The election of a leftwing president in Brazil, Latin America's largest country, is likely to have repercussions throughout the region, including energizing the Latin American left. However, President-elect Luiz Inacio Lula da Silva owes his victory to moving himself and his leftist Workers' Party (P.T.) toward the political center.
When the bearded and burly former union leader is inaugurated president on January 1, Mr. da Silva will become Brazil's first leftwing president in almost 40 years.
The last time a leftist governed Brazil was in the early 1960's, when Joao Goulart assumed the presidency following the sudden resignation of the sitting president. Mr. Goulart was later overthrown in 1964 by the military, which ruled the country for the next 21 years.
So the election of Mr. da Silva, known to all as Lula, marks a historic turn for Brazil, the world's ninth largest economy. Lula's victory was hailed by leftwing parties in Latin America, and by the hemisphere's two leftist leaders, Fidel Castro of Cuba and Venezuela's Hugo Chavez.
Mr. Castro has called Mr. da Silva his friend, while Mr Chavez said his victory will create what the Venezuelan leader called an axis of good in the hemisphere, the axis of the people and of the future. The comments by the Venezuelan President were aimed at his conservative critics at home and abroad who have warned that a President Da Silva would join Mr. Castro and Mr. Chavez in a so-called "axis of evil."
But former Brazilian foreign minister, Luiz Felipe Lampreia, dismisses the notion of a leftist axis emerging in Latin America. Mr. Lampreia, who spoke to VOA before Sunday's vote, does believe Mr. da Silva's victory is a sign of dissatisfaction with the free-market economic model known as the Washington consensus.
"I think it would be a signal that Latin America, and South America particularly, has found itself disenchanted with liberal economic policies," he said. "The Washington consensus has been a disappointment, and instead of the roses that we've been promised, we got thorns. And I think there's a substantial degree of willingness to try other ways. Where that will lead, I don't know, that's another question."
Mr. da Silva, who is 57, won on promises of change that would revive economic growth and alleviate Brazil's widespread poverty. Even though he abandoned his socialist rhetoric of the past, Mr. da Silva criticized the economic record of outgoing President Fernando Henrique Cardoso, who had adopted the reforms advocated by the Washington Consensus.
In this respect, Mr. da Silva's victory has heartened Latin American leftists and perhaps provided ammunition for other leftwing candidates in the region aspiring to become president. In Ecuador, for example, former army colonel and leftist nationalist Lucio Gutierrez faces businessman Alvaro Noboa in a runoff election next month. Mr. Gutierrez who has expressed admiration for Venezuela's Hugo Chavez is backed by leftist parties and indigenous groups.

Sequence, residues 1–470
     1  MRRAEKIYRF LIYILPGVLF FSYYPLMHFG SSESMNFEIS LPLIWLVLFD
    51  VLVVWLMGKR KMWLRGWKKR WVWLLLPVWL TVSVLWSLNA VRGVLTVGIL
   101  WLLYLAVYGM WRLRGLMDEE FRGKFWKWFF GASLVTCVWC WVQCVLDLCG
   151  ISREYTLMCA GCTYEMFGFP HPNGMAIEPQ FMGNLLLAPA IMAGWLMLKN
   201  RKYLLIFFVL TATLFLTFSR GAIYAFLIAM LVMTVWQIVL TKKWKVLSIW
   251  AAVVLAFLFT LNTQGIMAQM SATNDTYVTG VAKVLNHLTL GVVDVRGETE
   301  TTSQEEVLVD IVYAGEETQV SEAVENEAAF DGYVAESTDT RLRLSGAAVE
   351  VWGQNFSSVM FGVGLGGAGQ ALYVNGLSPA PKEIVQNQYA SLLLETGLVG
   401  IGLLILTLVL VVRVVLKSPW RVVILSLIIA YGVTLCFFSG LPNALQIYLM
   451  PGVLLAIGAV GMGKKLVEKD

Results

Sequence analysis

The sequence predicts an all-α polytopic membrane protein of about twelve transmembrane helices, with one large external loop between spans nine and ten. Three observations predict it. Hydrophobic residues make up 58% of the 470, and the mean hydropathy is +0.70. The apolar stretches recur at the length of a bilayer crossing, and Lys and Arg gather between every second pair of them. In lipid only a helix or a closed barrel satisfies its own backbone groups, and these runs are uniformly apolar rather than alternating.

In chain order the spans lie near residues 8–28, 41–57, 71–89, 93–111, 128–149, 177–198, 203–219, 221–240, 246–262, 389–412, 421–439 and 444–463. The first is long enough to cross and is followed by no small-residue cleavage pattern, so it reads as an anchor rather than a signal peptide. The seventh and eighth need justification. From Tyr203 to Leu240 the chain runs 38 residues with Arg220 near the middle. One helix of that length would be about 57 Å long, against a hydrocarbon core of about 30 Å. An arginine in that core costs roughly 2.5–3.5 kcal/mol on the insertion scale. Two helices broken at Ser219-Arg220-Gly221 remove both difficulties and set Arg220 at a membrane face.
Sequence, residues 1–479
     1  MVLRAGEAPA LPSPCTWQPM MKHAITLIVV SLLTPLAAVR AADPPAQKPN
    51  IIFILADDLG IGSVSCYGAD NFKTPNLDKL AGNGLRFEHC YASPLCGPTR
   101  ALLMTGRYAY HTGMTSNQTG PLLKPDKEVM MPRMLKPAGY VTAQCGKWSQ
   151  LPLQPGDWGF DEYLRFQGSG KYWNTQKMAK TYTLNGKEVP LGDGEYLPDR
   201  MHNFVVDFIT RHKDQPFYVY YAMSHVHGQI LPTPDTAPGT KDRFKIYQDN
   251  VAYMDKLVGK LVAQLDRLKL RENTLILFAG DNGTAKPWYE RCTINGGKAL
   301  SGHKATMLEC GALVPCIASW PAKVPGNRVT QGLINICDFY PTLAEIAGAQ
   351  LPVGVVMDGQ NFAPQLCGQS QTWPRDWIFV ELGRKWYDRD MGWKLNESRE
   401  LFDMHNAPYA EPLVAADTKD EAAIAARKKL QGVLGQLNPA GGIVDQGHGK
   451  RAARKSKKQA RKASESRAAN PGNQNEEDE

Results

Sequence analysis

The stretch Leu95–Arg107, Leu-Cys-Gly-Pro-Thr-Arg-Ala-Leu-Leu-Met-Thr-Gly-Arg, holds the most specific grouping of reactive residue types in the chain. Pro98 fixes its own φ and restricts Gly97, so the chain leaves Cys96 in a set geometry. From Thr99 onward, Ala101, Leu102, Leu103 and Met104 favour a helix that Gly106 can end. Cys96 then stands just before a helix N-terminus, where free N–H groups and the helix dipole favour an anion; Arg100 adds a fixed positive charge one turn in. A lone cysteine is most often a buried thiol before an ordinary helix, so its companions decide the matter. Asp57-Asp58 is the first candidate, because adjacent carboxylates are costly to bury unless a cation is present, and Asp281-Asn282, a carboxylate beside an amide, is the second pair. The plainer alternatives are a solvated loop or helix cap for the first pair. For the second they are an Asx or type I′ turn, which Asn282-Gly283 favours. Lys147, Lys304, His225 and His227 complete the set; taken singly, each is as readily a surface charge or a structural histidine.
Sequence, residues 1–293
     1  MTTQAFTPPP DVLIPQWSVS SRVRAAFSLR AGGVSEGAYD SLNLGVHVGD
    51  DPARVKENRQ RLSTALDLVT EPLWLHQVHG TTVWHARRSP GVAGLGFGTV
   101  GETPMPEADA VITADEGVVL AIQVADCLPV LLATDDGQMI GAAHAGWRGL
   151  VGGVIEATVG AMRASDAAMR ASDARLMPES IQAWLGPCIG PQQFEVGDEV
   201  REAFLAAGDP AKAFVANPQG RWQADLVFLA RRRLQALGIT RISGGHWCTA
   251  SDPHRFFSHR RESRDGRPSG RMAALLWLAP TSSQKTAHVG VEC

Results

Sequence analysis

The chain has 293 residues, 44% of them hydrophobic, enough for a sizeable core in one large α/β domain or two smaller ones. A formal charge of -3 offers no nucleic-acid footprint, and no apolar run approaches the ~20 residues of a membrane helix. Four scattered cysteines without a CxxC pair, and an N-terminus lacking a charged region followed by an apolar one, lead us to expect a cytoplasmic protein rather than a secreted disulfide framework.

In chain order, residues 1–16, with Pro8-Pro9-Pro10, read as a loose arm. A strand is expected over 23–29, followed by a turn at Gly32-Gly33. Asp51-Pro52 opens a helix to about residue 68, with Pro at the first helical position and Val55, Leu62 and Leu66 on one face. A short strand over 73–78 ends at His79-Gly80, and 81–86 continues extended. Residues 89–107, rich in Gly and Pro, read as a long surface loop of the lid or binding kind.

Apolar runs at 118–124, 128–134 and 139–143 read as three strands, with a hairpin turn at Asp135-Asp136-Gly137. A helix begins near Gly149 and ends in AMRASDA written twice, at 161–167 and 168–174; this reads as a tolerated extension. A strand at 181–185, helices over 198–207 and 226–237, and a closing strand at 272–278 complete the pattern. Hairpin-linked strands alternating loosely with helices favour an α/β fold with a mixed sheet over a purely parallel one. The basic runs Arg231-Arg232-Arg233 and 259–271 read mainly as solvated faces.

Venezuelan congresswoman Desire Santos Amaral, who belongs to President Chavez' political party, says the election of Mr. da Silva opens up new perspectives for Latin America.
There's a new direction for Latin America, she says, that could lead to more unity so that our voices will be stronger and will be heard by nations trying to impose their will on the region. Ms Santos went on to say she does not think Mr. da Silva will follow the same policies as President Chavez.
But while the Latin American left has been energized by Mr. da Silva's victory, some analysts point out that the ex-union leader could not have won the Presidency advocating socialism.
"I would be a little hesitant in [adopting] an analysis which says that the electorate in Latin America as a whole is rejecting the kind of neo-liberal policies, and they're making a sharp turn to the left," said Christopher Garman, a political analyst at the Sao Paulo consulting firm, Tendencias. "I think Brazilian voters remain fairly conservative, they remain very risk adverse and I would say one of the main lessons of this election is not necessarily that the voters are moving more to the left, but that leftist parties, primarily the P.T., learned a lesson that in order to win elections you have to toe a very conservative campaign speech and discourse."
This is what Mr. da Silva did, and even after his election Sunday, promised to maintain fiscal stability and honor Brazil's international commitments to repay its debt. At the same time, Mr. da Silva made clear he has not abandoned his socialist ideals when he also pledged to make combatting hunger and poverty his priority. If he succeeds in all that he's promised, Mr. da Silva could provide a new example for the left in Latin America to follow.